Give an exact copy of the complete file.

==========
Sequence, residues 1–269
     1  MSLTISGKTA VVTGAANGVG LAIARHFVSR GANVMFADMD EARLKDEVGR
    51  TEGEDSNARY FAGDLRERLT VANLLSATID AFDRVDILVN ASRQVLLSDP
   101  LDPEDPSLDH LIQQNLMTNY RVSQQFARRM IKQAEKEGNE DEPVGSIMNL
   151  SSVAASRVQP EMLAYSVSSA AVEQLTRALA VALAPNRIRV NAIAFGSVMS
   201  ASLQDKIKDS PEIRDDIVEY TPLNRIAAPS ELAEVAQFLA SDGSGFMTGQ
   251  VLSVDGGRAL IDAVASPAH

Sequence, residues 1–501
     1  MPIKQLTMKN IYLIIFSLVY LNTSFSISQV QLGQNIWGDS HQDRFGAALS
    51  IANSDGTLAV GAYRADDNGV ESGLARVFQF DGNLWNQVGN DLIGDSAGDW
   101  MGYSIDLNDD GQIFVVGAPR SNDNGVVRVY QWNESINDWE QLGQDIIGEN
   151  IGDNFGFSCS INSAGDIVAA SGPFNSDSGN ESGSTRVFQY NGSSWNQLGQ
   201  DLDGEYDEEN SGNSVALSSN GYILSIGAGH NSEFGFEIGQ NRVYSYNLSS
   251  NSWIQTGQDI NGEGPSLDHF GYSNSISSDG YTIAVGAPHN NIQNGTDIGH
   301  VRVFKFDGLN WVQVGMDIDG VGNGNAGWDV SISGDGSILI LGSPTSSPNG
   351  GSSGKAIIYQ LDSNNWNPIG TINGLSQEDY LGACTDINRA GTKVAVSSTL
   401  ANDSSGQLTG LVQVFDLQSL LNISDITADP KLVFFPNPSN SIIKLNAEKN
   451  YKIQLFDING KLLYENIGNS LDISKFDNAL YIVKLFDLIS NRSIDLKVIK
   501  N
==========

Sequence, residues 1–269
     1  MSLTISGKTA VVTGAANGVG LAIARHFVSR GANVMFADMD EARLKDEVGR
    51  TEGEDSNARY FAGDLRERLT VANLLSATID AFDRVDILVN ASRQVLLSDP
   101  LDPEDPSLDH LIQQNLMTNY RVSQQFARRM IKQAEKEGNE DEPVGSIMNL
   151  SSVAASRVQP EMLAYSVSSA AVEQLTRALA VALAPNRIRV NAIAFGSVMS
   201  ASLQDKIKDS PEIRDDIVEY TPLNRIAAPS ELAEVAQFLA SDGSGFMTGQ
   251  VLSVDGGRAL IDAVASPAH

Sequence, residues 1–501
     1  MPIKQLTMKN IYLIIFSLVY LNTSFSISQV QLGQNIWGDS HQDRFGAALS
    51  IANSDGTLAV GAYRADDNGV ESGLARVFQF DGNLWNQVGN DLIGDSAGDW
   101  MGYSIDLNDD GQIFVVGAPR SNDNGVVRVY QWNESINDWE QLGQDIIGEN
   151  IGDNFGFSCS INSAGDIVAA SGPFNSDSGN ESGSTRVFQY NGSSWNQLGQ
   201  DLDGEYDEEN SGNSVALSSN GYILSIGAGH NSEFGFEIGQ NRVYSYNLSS
   251  NSWIQTGQDI NGEGPSLDHF GYSNSISSDG YTIAVGAPHN NIQNGTDIGH
   301  VRVFKFDGLN WVQVGMDIDG VGNGNAGWDV SISGDGSILI LGSPTSSPNG
   351  GSSGKAIIYQ LDSNNWNPIG TINGLSQEDY LGACTDINRA GTKVAVSSTL
   401  ANDSSGQLTG LVQVFDLQSL LNISDITADP KLVFFPNPSN SIIKLNAEKN
   451  YKIQLFDING KLLYENIGNS LDISKFDNAL YIVKLFDLIS NRSIDLKVIK
   501  N